July 28, 2014

Washington Budget Report: July 23, 2013

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Debt Limit Showdown Could Harm U.S. Credit Outlook

Three recent reports by credit ratings agencies (Moody’s Analytics, Fitch Ratings and Standard and Poor’s) have shown some improvement in the credit outlook for the United States, mostly due to the steadily improving economy and the declining deficit.

Moody’s and Standard and Poor’s upgraded their respective outlooks from “negative” to “stable.”

But as Robert L. Bixby, Executive Director of The Concord Coalition, points out in a new blog, “Concerns remain about the long-term outlook and the ability of elected leaders to raise the nation’s debt ceiling without provoking a crisis.”

Bixby writes that, “Despite their caveats, these reports might feed into an optimistic narrative that says the declining deficit and improving economy mean we can back away from efforts to rein-in the nation’s unsustainable structural budget deficit (i.e., a “grand bargain”).

This is a false, if politically tempting, narrative and one that is not supported by the credit ratings reports. The need for a comprehensive fiscal plan is not about cutting the deficit in the near-term while the economy is still weak, but about putting the budget on a sustainable long-term track.”

As noted by Standard and Poor’s, “We see some risks that the recent improved fiscal performance, due in part to cyclical and to one-off factors, could lead to complacency. A deliberate relaxation of fiscal policy without countervailing measures to address the nation’s longer-term fiscal challenges could place renewed downward pressure on the rating.”

Fitch’s said that it will conduct a further review before the end of the year. It specifically noted that, “Avoidance of a ‘debt ceiling crisis’ and government shutdown would suggest that despite profound political differences, there is a common willingness to avoid disruptive and regular episodes of ‘crisis’ and would be supportive of a stabilization of the Outlook.”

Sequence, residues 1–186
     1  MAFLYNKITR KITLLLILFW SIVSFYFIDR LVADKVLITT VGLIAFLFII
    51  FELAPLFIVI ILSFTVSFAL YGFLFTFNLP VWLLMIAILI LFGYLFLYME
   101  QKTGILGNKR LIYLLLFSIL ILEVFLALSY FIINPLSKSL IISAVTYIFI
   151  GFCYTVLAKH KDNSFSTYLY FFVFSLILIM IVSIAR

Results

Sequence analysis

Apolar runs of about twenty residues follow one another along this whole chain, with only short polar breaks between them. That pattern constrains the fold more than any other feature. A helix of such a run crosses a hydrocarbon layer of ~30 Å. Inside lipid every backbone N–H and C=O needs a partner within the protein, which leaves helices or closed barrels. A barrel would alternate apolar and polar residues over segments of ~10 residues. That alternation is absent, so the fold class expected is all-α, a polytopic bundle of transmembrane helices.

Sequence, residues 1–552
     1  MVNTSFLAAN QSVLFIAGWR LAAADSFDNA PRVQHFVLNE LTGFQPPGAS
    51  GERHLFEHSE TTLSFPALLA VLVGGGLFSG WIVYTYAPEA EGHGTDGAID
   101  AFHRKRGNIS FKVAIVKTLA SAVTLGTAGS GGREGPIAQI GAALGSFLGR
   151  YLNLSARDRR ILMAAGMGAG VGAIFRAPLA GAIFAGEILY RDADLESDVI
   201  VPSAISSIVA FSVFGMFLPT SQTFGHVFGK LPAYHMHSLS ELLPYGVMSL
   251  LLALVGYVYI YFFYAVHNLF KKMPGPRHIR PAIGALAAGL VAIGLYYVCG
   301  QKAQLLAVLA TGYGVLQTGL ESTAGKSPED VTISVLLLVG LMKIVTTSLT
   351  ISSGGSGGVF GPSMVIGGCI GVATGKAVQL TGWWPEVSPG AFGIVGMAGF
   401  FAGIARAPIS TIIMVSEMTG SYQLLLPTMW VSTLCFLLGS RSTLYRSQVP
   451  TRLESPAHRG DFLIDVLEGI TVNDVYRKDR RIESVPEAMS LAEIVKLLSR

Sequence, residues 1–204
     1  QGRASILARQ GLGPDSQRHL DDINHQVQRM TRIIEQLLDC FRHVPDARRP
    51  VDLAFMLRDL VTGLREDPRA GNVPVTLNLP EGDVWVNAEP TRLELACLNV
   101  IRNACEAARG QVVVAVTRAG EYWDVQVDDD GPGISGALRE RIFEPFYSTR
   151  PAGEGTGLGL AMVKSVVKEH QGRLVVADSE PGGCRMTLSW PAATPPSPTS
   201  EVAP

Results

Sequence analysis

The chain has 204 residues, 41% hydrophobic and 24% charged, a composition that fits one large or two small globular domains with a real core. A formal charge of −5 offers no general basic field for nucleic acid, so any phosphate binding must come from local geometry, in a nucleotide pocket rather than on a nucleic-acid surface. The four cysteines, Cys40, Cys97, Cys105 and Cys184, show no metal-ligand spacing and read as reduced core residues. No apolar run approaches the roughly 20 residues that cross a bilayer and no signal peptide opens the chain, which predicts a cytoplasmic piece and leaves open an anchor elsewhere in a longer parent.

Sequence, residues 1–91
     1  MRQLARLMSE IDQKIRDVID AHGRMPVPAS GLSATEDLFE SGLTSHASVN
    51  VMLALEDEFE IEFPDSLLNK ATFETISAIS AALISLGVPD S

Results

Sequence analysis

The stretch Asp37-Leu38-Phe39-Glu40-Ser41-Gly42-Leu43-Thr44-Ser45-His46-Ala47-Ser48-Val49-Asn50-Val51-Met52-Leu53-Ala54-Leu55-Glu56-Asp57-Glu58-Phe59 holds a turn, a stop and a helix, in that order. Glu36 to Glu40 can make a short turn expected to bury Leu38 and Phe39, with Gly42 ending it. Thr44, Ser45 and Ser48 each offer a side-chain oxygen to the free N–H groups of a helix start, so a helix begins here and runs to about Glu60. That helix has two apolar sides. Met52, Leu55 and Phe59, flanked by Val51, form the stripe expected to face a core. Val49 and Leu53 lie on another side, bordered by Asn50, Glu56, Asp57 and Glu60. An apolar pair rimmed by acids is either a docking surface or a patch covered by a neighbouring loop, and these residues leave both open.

Detroit Becomes Largest City to File for Bankruptcy

The city of Detroit filed for bankruptcy on Friday, making it the largest city in the United States to do so. 

A number of factors led to the city’s current fiscal hole, including outsized pension obligations, a shrinking population, and high unemployment. The state appointed an emergency financial manager in March to address the situation but city officials have since determined bankruptcy to be the only viable path forward.

Detroit is not alone; 13 other cities and local governments have filed for bankruptcy since the 2008 financial crisis. According to the Federal Reserve, the total debt of state and local governments is nearly $3 trillion. An analysis by Boston College in 2012 also found that local governments are liable for roughly $1 trillion more in pension liabilities than they have assets to pay for.

 

Health Care Costs Put Pressure on Military Budget

As health care costs claim more and more of the nation’s defense budget, policymakers must make tough decisions about how to rein in those costs.

The Congressional Budget Office (CBO) last year projected that spending on the military health system could increase from $51 billion in 2013 to $65 in 2017. A recent CBO presentation shows health care costs consuming over 14 percent of the defense budget in 2030, up from less than 10 percent this year.

Much of this spending is related to the Pentagon’s TRICARE health plans, including TRICARE for Life, the military’s wrap-around coverage for enrollees in Medicare Part B.

Military families pay significantly less for health care than their civilian counterparts with employer- based insurance. Last year military retiree families with TRICARE Prime, a managed care option, paid only $965 in out-of-pocket costs while their civilian counterparts in an HMO paid $6,080.

More than a fourth of military retirees switched from private insurance to TRICARE between 2001 and 2012. The Defense Department attributes most of that to low TRICARE premiums and out-of-pocket expenses.

Reform options include minimum out-of-pocket costs for TRICARE for Life so that it no longer covers most or all of Medicare’s cost-sharing requirements. The latest Simpson-Bowles deficit-reduction plan endorses similar reforms.

Other options include consolidating military medical agencies and increasing various fees, copayments and deductibles. CBO estimates that such options could save billions of dollars a year.

Even though coverage for active-duty servicemen or service-related injuries would be untouched by reform options, many members of Congress have opposed even moderate steps to help the Pentagon hold down its health care bills for military retirees.